A flick of the wrist, a dismissive gesture. Reality had no place here, Phoenix realized. She tried a different tack.

“What did you do to Gareth?”

Ruby sneered. “Oh, I do hope that worked. Nothing, of course. You mind-wiped an innocent. You know, I don’t think the process wipes them entirely. He must be remembering something, or by now you would have succeeded in perfecting him.”

“I didn’t,” Phoenix said. She forced a slight smile.

That took Ruby aback. “What is he to you?” she demanded. “You’ve kept replicating him all these years.”

“One version of him was your father,” Phoenix said.

Ruby’s eyes widened but she rallied.

“You’re working through the guilt of spacing him.”

Phoenix shrugged. “Must everything be about psychology?” she asked. “I loved him, and I wanted him back. But each time, it wasn’t him.”

“That’s even worse.”

“Worse by what rules?” Phoenix said.

“Human decency.”

Phoenix tilted her head, studying Ruby.

“Indeed,” she said. “Are those rules ones you cherish, Ruby? Like the ones you used to justify cutting off pieces of me?”

“There have to be rules,” Ruby said. “There have to be things you live by.”

“Alas,” said Phoenix. “I have never found that to be the case. Even the rules of parlay.”

“Kill me and you won’t be able to escape. My ships will destroy the Thechu when it comes to retrieve you.”

“Were that my plan, indeed it would fail. But a slideboard’s small enough to slip through your net.”

“What are you going to do, weaponless? Mutilated, you can’t rule. Those are the laws you and Mukopadhyay created.”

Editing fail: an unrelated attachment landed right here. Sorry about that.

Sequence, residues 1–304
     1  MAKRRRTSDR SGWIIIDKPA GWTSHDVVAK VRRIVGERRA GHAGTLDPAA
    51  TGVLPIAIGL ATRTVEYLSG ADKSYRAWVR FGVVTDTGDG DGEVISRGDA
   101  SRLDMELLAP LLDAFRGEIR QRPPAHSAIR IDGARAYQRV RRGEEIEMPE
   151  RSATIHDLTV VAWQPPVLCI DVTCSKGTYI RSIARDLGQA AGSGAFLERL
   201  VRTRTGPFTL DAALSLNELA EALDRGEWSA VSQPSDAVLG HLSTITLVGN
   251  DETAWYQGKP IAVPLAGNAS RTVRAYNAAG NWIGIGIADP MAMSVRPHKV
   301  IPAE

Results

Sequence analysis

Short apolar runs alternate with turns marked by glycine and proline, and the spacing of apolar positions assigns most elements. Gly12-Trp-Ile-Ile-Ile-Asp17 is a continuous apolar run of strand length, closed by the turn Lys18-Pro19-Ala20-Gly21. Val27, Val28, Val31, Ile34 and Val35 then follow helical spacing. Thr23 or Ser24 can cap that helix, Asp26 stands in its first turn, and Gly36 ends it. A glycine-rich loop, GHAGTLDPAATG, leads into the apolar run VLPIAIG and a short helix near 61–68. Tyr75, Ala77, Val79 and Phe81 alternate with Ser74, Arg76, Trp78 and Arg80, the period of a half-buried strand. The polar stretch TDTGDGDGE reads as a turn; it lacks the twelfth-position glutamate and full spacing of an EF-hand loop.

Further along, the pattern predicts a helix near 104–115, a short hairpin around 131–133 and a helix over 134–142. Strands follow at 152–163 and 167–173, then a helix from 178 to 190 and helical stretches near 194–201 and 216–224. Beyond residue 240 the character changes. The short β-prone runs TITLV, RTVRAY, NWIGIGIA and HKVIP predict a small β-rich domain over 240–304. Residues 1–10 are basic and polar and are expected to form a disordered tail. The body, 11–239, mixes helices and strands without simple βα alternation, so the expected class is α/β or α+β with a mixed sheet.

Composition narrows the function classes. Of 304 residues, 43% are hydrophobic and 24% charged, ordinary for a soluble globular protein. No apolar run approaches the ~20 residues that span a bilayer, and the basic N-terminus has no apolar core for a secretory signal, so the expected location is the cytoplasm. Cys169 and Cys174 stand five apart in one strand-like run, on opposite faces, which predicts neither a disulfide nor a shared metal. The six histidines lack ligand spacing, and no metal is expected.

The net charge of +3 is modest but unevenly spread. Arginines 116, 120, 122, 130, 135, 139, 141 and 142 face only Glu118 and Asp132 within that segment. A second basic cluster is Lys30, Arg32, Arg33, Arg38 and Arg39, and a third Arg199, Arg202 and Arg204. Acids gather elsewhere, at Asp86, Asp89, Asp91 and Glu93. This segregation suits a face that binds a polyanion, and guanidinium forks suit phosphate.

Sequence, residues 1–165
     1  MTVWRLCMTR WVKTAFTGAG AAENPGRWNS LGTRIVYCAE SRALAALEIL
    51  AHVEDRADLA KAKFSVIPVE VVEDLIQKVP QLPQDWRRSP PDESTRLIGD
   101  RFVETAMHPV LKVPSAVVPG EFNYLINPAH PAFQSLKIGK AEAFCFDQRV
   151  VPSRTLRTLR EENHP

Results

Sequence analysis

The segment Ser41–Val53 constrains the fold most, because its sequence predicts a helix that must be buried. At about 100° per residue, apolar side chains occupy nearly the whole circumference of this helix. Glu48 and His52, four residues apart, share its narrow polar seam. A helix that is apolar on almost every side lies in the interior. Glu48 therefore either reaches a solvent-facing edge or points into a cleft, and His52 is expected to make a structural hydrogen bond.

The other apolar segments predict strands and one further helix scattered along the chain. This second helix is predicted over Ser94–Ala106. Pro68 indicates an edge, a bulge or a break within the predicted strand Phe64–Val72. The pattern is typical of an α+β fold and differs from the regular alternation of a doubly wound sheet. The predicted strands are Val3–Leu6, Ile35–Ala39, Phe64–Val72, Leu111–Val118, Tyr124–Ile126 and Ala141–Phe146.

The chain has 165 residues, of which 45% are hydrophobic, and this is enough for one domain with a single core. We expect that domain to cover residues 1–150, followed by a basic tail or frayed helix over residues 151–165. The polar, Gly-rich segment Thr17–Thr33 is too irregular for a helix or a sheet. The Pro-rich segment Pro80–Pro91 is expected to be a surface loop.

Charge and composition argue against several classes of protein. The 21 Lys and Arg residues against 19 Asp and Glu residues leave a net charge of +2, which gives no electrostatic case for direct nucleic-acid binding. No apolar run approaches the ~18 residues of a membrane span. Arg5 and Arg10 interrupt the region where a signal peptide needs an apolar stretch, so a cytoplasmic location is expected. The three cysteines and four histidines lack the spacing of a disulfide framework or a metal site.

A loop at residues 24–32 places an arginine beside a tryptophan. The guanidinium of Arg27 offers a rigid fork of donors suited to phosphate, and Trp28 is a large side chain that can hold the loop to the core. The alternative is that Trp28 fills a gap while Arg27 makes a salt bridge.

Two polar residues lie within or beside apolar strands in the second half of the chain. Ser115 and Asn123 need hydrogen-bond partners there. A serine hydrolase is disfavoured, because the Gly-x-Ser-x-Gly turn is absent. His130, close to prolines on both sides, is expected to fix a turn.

“As you said, I made the rules. And I can remake them.”

Her thumb clicked and whirred. The red ray of light that shot from her hand was the exact color of Ruby’s hair.

When they returned to the planet, she went to Ada’s bedchamber. She’d told them not to wake the child, and her granddaughter lay there, a brown-haired child, plain and angular.

Phoenix stood beside the bed and studied the sleeping figure. The child’s face was one she knew well. She’d grown up with it. Ruby had never known that what she bore was not her own child, but rather Phoenix’s clone.

A backup plan.

Surely she would be able to trust herself.

Tomorrow, she would decide what to do about Gareth. He’d become something different than what he had once been. Perhaps it was time to give up that quest. To accept what she had.

It was good to be back.

Motherhood had changed her, it was true.

But she could still do the things she had done once, when she had to. 
They said she’d never do those sorts of things now.

But really, had she ever stopped

About the Author

Cat Rambo

Cat Rambo writes a lot of fiction.

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About the Narrator

The Word Whore

The Word Whore runs Air Out My Shorts with Preston Buttons. Both have narrated stories for Escape Artists.

This is an intermittent humor podcast which includes a not insignificant amount of booze and fiction of dubious quality. They are the patron saints of the Submissions Staff, the holiest of the slush pile. It is rumored that candles with religious imagery have been purchased at a gas stations and renegade modifications with AOMS fan art have been used to modify them. They are burned by submissions staff while conducting reviews.